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Firing Frank Vogel midway through the season won't solve Lakers' problems, at least according to history

Frank Vogel & Rob Pelinka

Midway through the season, the 48-year-old has not figured out how to maximize the pieces at his disposal.

Los Angeles Lakers fans have been antsy for the majority of the 2021-22 NBA season. They are nowhere near pleased with how their squad is performing. The Purple and Gold fateful are not used to seeing their boys beat up by mediocre teams and dominated by the elite. 

As such, their war cry has been revolving around two things: fire Frank Vogel or trade some players away, preferably Russell Westbrook. So much emphasis has been put on the former as from the fans' point of view, this roster filled with future Hall of Famers could work. This responsibility belongs to Vogel. And midway through the season, the 48-year-old has not figured out how to maximize the pieces at his disposal.

A student of basketball history

Lakers vice president of basketball operations and general manager Rob Pelinka is no sucker and has heard the fans' call. We've heard reports that the front office has indeed thought about replacing Vogel or arranging a blockbuster trade. But at the same time, Pelinka knows his job is not to browse through social media or watch fan-made analysis videos on YouTube to give him leads on how to solve the team's problems. His job is to use his plethora of experience in professional ball and make a firm decision. A recent report by ESPN reveals Pelinka is a diligent student of basketball history. He knows that firing Vogel midway won't salvage the Lakers' lackluster season.

"A series of listless losses throughout the season have put the onus on Vogel at several points, most recently last week when the team contemplated whether a midseason change could jump-start the team. Ultimately, the Lakers decided against replacing Vogel, for the time being at least, multiple sources said, because no one believes changing the coach will yield dramatically different results."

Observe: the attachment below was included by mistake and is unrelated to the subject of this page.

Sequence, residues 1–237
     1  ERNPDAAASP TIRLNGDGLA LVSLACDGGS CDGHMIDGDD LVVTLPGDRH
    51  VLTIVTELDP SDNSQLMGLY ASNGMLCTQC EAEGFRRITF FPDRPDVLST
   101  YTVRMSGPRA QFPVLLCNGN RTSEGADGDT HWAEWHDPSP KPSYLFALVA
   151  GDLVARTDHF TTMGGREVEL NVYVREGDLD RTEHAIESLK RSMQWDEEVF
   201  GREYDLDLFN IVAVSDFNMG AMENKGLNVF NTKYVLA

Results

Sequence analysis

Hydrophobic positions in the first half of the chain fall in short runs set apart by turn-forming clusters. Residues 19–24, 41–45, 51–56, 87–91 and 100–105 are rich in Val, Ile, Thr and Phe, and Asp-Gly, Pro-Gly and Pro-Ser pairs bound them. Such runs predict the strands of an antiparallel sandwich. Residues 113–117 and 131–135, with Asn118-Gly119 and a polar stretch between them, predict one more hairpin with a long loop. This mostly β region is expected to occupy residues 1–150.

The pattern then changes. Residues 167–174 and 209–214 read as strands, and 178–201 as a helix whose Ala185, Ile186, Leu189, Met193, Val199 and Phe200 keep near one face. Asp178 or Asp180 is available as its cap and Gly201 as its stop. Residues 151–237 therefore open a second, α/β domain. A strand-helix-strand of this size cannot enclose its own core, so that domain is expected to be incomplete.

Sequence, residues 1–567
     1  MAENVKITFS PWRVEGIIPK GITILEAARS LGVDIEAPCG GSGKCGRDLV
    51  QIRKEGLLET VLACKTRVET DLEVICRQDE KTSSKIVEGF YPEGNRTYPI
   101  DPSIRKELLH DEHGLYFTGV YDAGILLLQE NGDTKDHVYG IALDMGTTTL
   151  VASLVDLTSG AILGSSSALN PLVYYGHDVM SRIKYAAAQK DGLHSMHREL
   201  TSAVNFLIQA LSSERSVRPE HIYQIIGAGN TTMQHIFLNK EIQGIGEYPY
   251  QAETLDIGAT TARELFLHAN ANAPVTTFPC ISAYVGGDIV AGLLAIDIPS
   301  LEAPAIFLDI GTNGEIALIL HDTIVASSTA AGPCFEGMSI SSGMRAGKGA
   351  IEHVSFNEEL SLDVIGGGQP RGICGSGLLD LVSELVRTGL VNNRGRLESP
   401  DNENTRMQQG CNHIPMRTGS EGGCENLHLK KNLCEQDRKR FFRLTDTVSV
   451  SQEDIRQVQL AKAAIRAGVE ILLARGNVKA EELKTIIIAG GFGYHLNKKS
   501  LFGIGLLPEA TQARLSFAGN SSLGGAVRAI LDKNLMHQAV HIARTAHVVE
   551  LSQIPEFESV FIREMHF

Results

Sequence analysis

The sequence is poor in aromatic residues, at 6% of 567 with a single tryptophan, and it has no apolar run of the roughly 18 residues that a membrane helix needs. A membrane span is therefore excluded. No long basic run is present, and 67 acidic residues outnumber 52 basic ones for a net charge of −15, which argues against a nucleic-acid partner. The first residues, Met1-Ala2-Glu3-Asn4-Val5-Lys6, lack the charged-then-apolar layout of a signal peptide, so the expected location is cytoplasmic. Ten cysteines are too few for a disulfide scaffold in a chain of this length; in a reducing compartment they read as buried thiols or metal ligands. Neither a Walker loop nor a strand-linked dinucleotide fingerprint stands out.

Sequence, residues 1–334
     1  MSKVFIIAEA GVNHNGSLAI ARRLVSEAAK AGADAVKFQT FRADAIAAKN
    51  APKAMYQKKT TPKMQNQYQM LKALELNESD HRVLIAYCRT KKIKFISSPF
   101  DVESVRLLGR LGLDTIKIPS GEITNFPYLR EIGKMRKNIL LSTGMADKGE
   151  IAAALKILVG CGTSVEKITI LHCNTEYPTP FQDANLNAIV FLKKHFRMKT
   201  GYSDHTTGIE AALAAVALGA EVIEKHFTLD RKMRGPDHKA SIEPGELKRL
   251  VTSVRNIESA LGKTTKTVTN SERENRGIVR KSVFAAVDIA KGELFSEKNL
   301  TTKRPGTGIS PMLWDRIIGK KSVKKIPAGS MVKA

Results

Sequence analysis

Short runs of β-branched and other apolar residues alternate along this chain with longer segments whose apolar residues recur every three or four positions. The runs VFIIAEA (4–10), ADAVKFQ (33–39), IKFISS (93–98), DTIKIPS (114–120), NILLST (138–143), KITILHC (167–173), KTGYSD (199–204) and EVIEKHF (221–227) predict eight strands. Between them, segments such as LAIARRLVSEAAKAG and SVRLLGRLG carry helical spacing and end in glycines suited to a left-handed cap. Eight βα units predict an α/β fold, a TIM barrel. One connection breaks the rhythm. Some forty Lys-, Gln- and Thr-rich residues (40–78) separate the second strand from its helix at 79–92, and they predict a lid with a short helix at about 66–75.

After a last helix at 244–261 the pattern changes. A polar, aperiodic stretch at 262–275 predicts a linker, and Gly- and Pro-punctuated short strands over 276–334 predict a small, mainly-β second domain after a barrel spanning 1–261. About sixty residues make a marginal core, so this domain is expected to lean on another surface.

Internal coaching changes

Before Pelinka landed on this decision, we could assume he was staring at this interesting fact. Only three coaches in NBA history have managed to win a title after taking over the team midseason: Tyronn Lue (Cavaliers) in 2016, Pat Riley in 1982 and 2006 (Lakers and Heat), Paul Westhead (Lakers) in 1980.

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If you're an optimist, you'll deem that firing Vogel midway could still result in another title for the Lakers. However, there are vital elements in those teams that enabled them to win it all amid a coaching shake-up.

As for one, Lue, Riley, and Westhead were not just plucked out of nowhere. Lue, Westhead, and Riley were assistant coaches before they took the mantle. In Riley's title with the Heat, he was the team's president. All three coaches had a good grasp of the playbook and the players before they took over. The playbook underwent minor tweaks. The team's philosophy and principles weren't just revised but solidified. 

Another thing that separates the teams above from the current Lakers crop is that all of them were ripe for the title. Before snagging the Larry O'Brien trophy in 1980, the Lakers made it to the Conference Semis the previous season. Their roster, headlined by Kareem Abdul-Jabbar, did not undergo any significant tweak, which preserved chemistry — the most critical element in any championship team. In fact, the Purple and Gold even received a mighty boost when a rookie Magic Johnson came to town. When Riley took the coaching helm two years later, he was gifted with future Hall of Famers at the very peak of their careers. 

About the Heat, let's recall that they made it to the Eastern Conference Finals in the 2004-05 NBA season. This is solid proof that they could compete at the highest level. Also, the Shaquille O'Neal and Dwyane Wade combo looked seamless right from the beginning. The Heat shocked the world when they won in 2006. But hindsight reveals that they were meant to win that title. As for Lue's 2016 Cavaliers, they literally made it to the NBA Finals the season prior. 

Vogel's six-game absence could've been a blessing in disguise. This served as David Fizdale's audition for the head coaching spot. If he went 6-0, Pelinka probably would've pulled the trigger on Vogel. But Fizdale went 1-5. He doesn't have the coaching chops that Riley, Lue, and Westhead possess. 

The only way for the Lakers to win another title is if a miracle happens. A coaching change could improve their standing. But there's no way it would deliver them a title, even with a prime LeBron James in the fold. The right move would be to put this season in the bag and get ready for the next. 

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